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Sex Transm Infect 89:489-494 doi:10.1136/sextrans-2012-050994
  • Diagnostics
  • Original article

Point-of-care testing improves accuracy of STI care in an emergency department

  1. Jennifer L Reed2
  1. 1Division of Pediatric and Adolescent Gynecology, Cincinnati Children's Hospital Medical Center, Cincinnati, Ohio, USA
  2. 2Division of Emergency Medicine, Cincinnati Children's Hospital Medical Center, Cincinnati, Ohio, USA
  3. 3Division of Pediatric and Adolescent Gynecology, Cincinnati Children's Hospital Medical Center, Cincinnati, Ohio, USA
  4. 4Division of Pediatric and Adolescent Gynecology, Cincinnati Children's Hospital Medical Center, Cincinnati, Ohio, USA
  1. Correspondence to Dr Jennifer L Reed, Division of Emergency Medicine, Cincinnati Chiildren's Hospital, 3333 Burnet Avenue, Cincinnati, Ohio 45229–3039, USA; jennifer.reed{at}cchmc.org
  • Received 21 December 2012
  • Revised 12 February 2013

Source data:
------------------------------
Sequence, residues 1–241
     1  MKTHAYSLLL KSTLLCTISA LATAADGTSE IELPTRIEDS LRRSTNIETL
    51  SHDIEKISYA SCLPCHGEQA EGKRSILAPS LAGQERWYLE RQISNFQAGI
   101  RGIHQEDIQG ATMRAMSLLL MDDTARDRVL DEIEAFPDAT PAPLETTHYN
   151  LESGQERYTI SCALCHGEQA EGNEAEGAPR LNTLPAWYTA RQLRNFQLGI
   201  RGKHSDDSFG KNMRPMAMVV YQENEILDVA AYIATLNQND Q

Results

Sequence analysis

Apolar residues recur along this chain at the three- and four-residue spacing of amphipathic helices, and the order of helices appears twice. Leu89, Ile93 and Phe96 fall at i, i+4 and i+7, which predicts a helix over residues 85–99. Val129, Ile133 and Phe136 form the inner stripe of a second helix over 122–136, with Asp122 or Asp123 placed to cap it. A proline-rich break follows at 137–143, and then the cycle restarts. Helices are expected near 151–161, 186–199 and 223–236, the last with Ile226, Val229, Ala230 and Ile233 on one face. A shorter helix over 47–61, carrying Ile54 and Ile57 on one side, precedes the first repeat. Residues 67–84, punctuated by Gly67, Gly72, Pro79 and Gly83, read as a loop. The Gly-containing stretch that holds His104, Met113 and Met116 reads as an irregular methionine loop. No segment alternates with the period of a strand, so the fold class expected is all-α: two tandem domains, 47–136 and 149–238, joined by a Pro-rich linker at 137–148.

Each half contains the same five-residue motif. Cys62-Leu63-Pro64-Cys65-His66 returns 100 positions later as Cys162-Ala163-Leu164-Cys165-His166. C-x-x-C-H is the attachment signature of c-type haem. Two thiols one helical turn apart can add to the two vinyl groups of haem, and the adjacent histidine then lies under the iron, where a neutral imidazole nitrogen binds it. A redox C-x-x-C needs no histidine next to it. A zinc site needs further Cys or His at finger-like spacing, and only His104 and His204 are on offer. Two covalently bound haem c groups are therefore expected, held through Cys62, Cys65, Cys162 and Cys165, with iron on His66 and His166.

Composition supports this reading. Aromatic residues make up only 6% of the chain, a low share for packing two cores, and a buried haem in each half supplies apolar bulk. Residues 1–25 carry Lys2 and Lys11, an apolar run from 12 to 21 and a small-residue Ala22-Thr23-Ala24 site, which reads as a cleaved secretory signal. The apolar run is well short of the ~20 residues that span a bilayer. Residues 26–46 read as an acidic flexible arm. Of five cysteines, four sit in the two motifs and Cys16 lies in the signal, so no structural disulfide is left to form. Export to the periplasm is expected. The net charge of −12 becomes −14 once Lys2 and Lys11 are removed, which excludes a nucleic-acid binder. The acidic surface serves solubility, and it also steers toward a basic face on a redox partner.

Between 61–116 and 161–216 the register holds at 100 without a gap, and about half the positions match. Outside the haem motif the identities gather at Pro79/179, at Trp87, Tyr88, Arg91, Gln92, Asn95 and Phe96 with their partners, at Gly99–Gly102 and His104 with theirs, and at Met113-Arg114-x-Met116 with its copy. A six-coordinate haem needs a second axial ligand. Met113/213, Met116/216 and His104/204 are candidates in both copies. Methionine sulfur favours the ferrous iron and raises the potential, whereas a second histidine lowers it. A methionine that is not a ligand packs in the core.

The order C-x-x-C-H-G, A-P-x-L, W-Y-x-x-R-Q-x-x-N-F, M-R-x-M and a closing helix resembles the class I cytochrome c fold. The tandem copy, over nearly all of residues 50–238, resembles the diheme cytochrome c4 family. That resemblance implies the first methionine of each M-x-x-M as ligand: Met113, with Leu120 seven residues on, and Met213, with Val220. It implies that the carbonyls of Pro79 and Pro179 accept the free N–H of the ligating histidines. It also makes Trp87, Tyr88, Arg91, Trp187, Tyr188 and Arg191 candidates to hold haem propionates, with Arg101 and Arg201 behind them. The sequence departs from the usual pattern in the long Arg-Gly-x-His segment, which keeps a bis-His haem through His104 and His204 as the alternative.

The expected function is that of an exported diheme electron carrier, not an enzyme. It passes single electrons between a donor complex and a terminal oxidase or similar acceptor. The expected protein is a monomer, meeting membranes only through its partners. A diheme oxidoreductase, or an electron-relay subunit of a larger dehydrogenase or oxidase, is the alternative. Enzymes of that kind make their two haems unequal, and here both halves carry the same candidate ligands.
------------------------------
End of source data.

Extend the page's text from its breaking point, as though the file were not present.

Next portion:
• Accepted 15 February 2013
  • Published Online First 7 March 2013

Abstract

Objectives We aimed to examine the impact of a point-of-care (POC) test on overtreatment and undertreatment of sexually transmitted infections (STIs) by comparing treatment patterns for gonorrhoea (detected with nucleic acid amplification testing (NAAT)) with trichomoniasis (detected by POC test) for young women seen in an emergency department (ED).

Methods We reviewed the database of a quality improvement (QI) project that aims to improve follow-up care for STIs in the ED. Data included the test result and antibiotic given (if any) during visits by women age 14–21 for whom an STI test was ordered. We generated Shewhart control charts and compared overtreatment and undertreatment rates for gonorrhoea and trichomoniasis using χ2 testing.

Results Of 1877 visits over 18 months, 8.8% of women had gonorrhoea and 16.5% had trichomoniasis. Overtreatment was higher for women with gonorrhoea than trichomoniasis (54% vs 23%, p<0.001). Overtreatment for gonorrhoea decreased from 58% to 47% (p<0.01) and overtreatment for trichomoniasis decreased from 24% to 18% (p<0.01), which corresponded to improvements in patient follow-up for the QI project. Undertreatment was higher for women with gonorrhoea than trichomoniasis (29% vs 21%, p=0.03), and did not change over time.

Conclusions A POC test improves the accuracy of STI care in an ED compared with NAAT testing. An unanticipated benefit of QI efforts to improve patient follow-up is the observed decrease in antibiotic use in the ED. Given the ability of gonorrhoea to develop antibiotic resistance, future efforts should focus on development of an accurate POC test for gonorrhoea.